04/03/2016 24 Adar Alef 5776
On the second day of the conference, the rabbis came to Platform 17 in Berlin’s train station. This was one of the principal locations from which some 55,000 Jews were transported from Berlin the ghettos of Lodz, Warsaw and Riga, or to the Auschwitz death camp. A contingent of reporters from Germany and from a number of European media outlets arrived to cover the event. Afterward they interviewed the rabbis and asked them to share their impressions of the experience.
Rabbi Shmuel Segal, director of Berlin’s Chabad House, opened the ceremony with a short introductory message. Next, Rabbi Yehudah Teichtal, rabbi of Berlin’s Jewish community, spoke briefly about the atrocities committed by the Nazis 75 years ago, comparing it to the way Jews are treated in Berlin today. He ended with the recitation of a perek of Tehillim, then he kindled six candles in memory of the six million Jews who perished in the Holocaust.
Rabbi Yisrael Yaakov Lichtenstein, Rav and Av Beis Din of the London Federation of Synagogues and member of the RCE’s presidium, is a child of victims of the Holocaust. When he was invited to recite a chapter of Tehillim, he stood silently for a long moment, barely able to contain his emotions. “I cannot recite a perek of Tehillim without first focusing on my family members who were sent from this place with unfathomable cruelty to the Valley of Death. Here stood grandfathers, grandmothers, fathers, mothers, children and infants, all of whom were condemned to die simply because they were Jews. We, their descendants, rabbis of Jewish communities throughout Europe, stand here today as living proof that Judaism is eternal – Netzach Yisrael lo yishaker!” Rabbi Lichtenstein then recited a perek of Tehillim.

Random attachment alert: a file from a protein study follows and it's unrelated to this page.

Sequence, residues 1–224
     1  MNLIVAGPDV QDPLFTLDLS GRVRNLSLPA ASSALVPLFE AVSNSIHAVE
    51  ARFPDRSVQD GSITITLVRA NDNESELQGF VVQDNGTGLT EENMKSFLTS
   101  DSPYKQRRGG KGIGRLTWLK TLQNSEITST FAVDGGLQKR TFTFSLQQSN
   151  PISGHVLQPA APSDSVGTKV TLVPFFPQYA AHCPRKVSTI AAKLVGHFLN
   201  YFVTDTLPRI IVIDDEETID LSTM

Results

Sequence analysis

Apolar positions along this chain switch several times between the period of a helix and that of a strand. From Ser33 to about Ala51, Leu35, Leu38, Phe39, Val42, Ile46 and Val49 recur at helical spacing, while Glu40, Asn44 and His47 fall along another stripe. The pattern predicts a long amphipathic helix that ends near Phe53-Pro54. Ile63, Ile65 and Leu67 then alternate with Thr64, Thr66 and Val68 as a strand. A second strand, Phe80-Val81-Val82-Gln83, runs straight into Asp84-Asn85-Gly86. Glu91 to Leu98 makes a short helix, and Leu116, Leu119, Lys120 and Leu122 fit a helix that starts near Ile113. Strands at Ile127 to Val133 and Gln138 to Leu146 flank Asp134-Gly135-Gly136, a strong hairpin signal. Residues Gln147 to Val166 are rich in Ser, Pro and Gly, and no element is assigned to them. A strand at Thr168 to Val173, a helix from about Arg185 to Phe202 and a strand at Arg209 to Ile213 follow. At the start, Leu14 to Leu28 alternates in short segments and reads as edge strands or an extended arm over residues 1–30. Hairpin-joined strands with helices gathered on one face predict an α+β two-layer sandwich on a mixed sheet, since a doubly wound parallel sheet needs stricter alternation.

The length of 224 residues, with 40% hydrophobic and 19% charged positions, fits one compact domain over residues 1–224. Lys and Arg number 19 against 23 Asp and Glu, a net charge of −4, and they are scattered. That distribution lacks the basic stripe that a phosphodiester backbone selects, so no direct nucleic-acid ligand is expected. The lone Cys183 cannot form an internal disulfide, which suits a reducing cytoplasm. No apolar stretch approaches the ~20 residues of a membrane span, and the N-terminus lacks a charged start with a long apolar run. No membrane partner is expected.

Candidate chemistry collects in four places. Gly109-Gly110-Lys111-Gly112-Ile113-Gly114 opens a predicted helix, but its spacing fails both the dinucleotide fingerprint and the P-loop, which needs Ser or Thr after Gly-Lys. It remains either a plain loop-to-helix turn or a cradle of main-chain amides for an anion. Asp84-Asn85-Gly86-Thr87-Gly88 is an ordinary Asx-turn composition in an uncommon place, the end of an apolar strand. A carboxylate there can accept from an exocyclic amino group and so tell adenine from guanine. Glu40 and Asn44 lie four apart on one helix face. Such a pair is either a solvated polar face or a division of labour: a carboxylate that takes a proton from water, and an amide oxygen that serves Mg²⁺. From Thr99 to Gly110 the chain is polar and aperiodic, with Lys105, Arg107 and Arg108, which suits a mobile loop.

After this, the tefillah of El Malei Rachamim was chanted, followed by Kaddish recited by Rabbi Ron Chassid of Gibraltar. The rabbis then began spontaneously, quietly singing Ani Maamin as they walked along the length of the platform.